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Only the Injured Are Left Standing

MSK Client Alert
August 2009

Two California laws have created litigation migraines for employers: the Unfair Competition Law1 ("UCL") and the Private Attorneys General Act2 ("PAGA"). But in two recent companion cases, the California Supreme Court has just provided some relief by clarifying and restricting who can bring UCL and PAGA claims.3 The answer is refreshingly straightforward: plaintiffs must be actually injured. This means that labor unions and other membership groups cannot bring UCL or PAGA claims on behalf of their members unless the union or group itself has been harmed.

The broadly drafted UCL allows people to bring suit against "any unlawful, unfair or fraudulent business act or practice." Before 2004, anyone could bring a UCL claim, including a noninjured person acting on behalf of the general public. However, in 2004, California voters passed Prop. 64, which restricted access to the courts under the UCL. It provided that private plaintiffs (i.e., not state agencies) who represent the interests of others must have "suffered injury in fact."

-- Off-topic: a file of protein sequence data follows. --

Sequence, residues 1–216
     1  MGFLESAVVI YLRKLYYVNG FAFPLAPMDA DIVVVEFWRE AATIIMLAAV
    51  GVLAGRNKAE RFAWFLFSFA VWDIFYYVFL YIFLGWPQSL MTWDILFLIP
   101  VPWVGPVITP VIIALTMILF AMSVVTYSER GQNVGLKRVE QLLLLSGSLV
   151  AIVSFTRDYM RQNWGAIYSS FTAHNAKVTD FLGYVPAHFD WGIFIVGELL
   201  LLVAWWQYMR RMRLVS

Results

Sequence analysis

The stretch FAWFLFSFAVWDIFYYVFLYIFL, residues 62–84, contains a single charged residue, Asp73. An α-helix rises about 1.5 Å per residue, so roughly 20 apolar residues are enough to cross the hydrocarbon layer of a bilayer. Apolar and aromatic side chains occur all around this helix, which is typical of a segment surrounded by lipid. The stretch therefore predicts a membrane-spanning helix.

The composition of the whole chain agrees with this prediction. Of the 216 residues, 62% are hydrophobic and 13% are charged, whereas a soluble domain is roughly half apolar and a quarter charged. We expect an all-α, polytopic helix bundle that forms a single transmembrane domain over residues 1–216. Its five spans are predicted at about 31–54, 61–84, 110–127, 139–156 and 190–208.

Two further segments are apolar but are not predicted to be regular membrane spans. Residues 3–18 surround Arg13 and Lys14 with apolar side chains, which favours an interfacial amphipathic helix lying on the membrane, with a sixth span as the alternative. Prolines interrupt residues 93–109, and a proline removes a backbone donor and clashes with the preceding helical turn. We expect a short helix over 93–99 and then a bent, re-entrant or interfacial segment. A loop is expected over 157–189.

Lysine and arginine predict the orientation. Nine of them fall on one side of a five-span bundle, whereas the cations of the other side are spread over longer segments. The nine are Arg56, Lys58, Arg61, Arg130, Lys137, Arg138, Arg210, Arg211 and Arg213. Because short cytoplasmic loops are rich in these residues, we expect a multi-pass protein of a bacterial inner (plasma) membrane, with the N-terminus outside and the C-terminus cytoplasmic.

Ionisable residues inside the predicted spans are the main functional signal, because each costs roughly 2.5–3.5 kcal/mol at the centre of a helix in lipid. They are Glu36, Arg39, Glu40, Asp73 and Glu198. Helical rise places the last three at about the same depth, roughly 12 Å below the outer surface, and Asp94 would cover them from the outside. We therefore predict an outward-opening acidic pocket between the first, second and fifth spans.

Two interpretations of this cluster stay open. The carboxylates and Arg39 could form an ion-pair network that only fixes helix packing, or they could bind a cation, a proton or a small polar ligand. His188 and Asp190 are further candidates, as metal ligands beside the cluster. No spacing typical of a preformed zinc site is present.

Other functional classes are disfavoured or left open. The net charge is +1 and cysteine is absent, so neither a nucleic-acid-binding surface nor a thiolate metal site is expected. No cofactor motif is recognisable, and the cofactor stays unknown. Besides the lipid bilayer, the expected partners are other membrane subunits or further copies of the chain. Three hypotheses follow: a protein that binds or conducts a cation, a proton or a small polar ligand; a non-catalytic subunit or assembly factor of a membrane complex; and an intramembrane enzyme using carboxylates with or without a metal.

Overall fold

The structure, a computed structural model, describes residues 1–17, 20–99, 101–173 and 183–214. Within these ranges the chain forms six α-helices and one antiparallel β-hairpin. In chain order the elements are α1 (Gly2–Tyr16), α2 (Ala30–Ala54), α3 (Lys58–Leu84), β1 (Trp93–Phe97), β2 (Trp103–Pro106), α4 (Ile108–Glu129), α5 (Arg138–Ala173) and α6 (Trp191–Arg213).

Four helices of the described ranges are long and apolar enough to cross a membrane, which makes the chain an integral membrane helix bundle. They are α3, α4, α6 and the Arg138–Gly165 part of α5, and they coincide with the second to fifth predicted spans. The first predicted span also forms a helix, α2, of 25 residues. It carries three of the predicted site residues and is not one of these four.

The PAGA permits an "aggrieved employee" to file suit on his or her own behalf, as well as on behalf of other employees, to recover civil penalties for Labor Code violations. It defines an "aggrieved employee" as an employee "against whom one or more of the alleged violations was committed."

Fortunately, the California Supreme Court read those restrictions at face value. In Amalgamated Transit Union, the Court concluded that both laws "require a plaintiff to have suffered injury resulting from an unlawful action." The Court also blocked the union’s attempted end-runs around this standing-to-sue requirement. First, the union claimed that its members had assigned their own rights under the statutes to the union. The Court concluded that claim assignment would nullify Prop. 64, and held that rights under PAGA may not be assigned. Second, the union claimed "associational standing," a concept borrowed from federal standing doctrine. The Court also rejected this theory, reiterating the plain language of the UCL and the PAGA.